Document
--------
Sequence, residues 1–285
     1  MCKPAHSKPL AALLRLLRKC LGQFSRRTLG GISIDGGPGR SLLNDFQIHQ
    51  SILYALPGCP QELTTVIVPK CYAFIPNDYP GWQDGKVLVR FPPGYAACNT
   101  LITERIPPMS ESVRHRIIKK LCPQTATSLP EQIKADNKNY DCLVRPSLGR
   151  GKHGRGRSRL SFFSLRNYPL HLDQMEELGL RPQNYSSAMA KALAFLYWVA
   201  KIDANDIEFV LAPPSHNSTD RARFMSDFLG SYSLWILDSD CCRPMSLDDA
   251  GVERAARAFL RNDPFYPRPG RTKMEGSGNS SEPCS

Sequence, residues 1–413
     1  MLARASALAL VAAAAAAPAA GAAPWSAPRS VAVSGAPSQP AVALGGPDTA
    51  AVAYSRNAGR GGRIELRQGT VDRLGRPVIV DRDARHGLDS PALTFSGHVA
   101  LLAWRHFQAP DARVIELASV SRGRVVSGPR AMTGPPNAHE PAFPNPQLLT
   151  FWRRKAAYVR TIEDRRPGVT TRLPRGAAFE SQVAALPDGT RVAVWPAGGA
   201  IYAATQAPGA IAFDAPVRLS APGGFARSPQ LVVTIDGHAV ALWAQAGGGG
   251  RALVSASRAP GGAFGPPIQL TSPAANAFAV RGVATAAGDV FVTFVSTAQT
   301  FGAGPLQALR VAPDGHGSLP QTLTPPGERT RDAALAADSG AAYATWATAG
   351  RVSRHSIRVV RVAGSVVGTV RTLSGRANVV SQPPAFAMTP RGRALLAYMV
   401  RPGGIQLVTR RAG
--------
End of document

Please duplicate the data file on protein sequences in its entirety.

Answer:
Sequence, residues 1–285
     1  MCKPAHSKPL AALLRLLRKC LGQFSRRTLG GISIDGGPGR SLLNDFQIHQ
    51  SILYALPGCP QELTTVIVPK CYAFIPNDYP GWQDGKVLVR FPPGYAACNT
   101  LITERIPPMS ESVRHRIIKK LCPQTATSLP EQIKADNKNY DCLVRPSLGR
   151  GKHGRGRSRL SFFSLRNYPL HLDQMEELGL RPQNYSSAMA KALAFLYWVA
   201  KIDANDIEFV LAPPSHNSTD RARFMSDFLG SYSLWILDSD CCRPMSLDDA
   251  GVERAARAFL RNDPFYPRPG RTKMEGSGNS SEPCS

Sequence, residues 1–413
     1  MLARASALAL VAAAAAAPAA GAAPWSAPRS VAVSGAPSQP AVALGGPDTA
    51  AVAYSRNAGR GGRIELRQGT VDRLGRPVIV DRDARHGLDS PALTFSGHVA
   101  LLAWRHFQAP DARVIELASV SRGRVVSGPR AMTGPPNAHE PAFPNPQLLT
   151  FWRRKAAYVR TIEDRRPGVT TRLPRGAAFE SQVAALPDGT RVAVWPAGGA
   201  IYAATQAPGA IAFDAPVRLS APGGFARSPQ LVVTIDGHAV ALWAQAGGGG
   251  RALVSASRAP GGAFGPPIQL TSPAANAFAV RGVATAAGDV FVTFVSTAQT
   301  FGAGPLQALR VAPDGHGSLP QTLTPPGERT RDAALAADSG AAYATWATAG
   351  RVSRHSIRVV RVAGSVVGTV RTLSGRANVV SQPPAFAMTP RGRALLAYMV
   401  RPGGIQLVTR RAG